Papa Pounamu Hui

Each year the annual New Zealand Planning Institute Conference includes an all-day Papa Pounamu hui (refer programme attached).  The Papa Pounamu hui aims to invoke dialogue and critical thinking on planning issues unique to Māori.  This year’s hui includes an exciting line up of presenters canvasing a range of contemporary planning issues specific to Māori. 

Presentations cover topics including cultural landscapes, co-governance in action, the Tūhoe nation and integrating matauranga Māori into setting water quality limits.  


The Papa Pounamu hui is free for anyone to attend.  Anyone wanting to attend needs to register online.  The link to the register component of the conference website is: mid=494&lang=en 

When registering online you need to click on the ‘Special Interest Workshops (including YP Congress, Hui etc) tab.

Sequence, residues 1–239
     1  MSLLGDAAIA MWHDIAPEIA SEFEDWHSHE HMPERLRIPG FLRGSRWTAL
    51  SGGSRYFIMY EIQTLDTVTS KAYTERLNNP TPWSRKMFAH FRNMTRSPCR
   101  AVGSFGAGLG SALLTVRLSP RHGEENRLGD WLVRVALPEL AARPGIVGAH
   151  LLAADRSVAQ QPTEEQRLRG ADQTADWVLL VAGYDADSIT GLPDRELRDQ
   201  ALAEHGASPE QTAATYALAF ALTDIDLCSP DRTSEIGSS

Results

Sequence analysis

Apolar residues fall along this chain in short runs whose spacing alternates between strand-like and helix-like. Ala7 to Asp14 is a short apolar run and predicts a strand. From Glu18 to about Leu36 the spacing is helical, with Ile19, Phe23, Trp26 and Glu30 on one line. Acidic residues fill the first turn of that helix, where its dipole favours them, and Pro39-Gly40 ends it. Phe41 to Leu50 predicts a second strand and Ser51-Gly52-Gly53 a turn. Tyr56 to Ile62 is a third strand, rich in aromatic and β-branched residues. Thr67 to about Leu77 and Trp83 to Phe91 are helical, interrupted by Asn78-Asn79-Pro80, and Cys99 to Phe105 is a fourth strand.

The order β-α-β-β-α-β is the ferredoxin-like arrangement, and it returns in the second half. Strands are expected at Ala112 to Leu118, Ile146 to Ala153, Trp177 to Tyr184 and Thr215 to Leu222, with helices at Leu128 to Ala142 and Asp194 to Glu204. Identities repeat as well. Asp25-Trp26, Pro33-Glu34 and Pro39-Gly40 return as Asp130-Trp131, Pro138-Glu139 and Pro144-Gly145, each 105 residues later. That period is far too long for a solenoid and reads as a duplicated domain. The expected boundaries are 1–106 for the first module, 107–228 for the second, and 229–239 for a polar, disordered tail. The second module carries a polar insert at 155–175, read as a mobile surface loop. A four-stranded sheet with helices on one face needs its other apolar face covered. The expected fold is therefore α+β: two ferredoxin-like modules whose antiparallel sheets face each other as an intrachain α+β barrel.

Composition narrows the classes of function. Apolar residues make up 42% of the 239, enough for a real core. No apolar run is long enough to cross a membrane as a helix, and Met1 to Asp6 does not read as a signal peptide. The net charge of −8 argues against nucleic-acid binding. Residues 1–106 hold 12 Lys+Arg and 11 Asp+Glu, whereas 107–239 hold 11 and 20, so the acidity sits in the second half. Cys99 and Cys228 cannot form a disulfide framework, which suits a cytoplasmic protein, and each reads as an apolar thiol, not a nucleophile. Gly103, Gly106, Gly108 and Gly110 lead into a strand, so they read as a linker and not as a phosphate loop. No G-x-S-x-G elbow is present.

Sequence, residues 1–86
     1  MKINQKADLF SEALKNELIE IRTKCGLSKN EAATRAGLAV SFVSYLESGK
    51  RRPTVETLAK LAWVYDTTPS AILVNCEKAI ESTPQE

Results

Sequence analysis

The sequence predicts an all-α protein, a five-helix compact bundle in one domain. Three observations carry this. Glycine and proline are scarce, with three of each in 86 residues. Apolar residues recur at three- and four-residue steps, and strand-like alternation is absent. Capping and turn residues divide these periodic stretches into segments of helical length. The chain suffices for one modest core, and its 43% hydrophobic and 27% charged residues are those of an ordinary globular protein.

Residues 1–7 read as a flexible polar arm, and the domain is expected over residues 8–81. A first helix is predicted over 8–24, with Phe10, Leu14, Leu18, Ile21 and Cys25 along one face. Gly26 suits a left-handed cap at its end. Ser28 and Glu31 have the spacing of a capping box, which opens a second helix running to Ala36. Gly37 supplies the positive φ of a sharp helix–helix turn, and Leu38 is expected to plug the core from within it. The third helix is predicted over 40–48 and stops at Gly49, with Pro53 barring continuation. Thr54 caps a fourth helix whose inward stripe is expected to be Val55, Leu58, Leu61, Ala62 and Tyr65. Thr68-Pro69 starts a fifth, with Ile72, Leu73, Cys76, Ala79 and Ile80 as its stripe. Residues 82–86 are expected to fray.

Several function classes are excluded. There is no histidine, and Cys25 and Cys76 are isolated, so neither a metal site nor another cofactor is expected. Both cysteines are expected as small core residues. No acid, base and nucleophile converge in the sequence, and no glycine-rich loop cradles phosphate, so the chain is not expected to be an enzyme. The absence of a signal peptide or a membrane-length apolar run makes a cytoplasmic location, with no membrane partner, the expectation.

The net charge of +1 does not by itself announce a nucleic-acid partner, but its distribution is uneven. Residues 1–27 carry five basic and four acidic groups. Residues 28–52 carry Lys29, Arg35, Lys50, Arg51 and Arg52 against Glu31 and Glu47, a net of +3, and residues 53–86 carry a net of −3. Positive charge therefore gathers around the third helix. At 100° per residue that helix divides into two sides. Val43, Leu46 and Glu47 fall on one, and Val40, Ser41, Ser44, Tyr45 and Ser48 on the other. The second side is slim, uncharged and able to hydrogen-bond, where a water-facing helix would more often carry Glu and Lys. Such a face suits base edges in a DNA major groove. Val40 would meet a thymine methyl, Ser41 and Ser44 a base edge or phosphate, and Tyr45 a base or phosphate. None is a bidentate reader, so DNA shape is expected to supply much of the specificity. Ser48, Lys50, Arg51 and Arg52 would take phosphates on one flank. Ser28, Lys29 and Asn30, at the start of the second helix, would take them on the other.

Hui Promotion

Please send this panui onto anyone you think will be interested in the kaupapa.  Papa Pounamu want to get as many Māori, iwi, hapū and trust representatives, government employees and consultants with an interest in environmental resource management along to this hui.  The hui is free to make it more accessible to grass roots practitioners who would otherwise not have the funding capacity to attend.  It also makes it easier to justify to your boss.

Papa Pounamu Kaupapa

Papa Pounamu is a technical special interest group which comes under the korowai of the New Zealand Planning Institute (NZPI).  Interest in setting up a Maori planning focused group initiated through the need defined between Te Puni Kokiri, Ministry for the Environment and NZPI in the early 2000’s.  This resulted in a series of annual hui being held which discussed and presented issues and processes across the country topical for Maori and those working with Maori.  The formalisation of Papa Pounamu as an entity is the result of a maturing of NZPI, and is based upon a foundation of engagement with Maori and the planning profession since the early 2000’s. Papa Pounamu has two key strategic objectives; Cultural practices in planning is business as usual –what’s good for Māori is good for Aotearoa, and a greater presence of Māori and Pacific peoples in the planning profession and NZPI.  

Mauri ora


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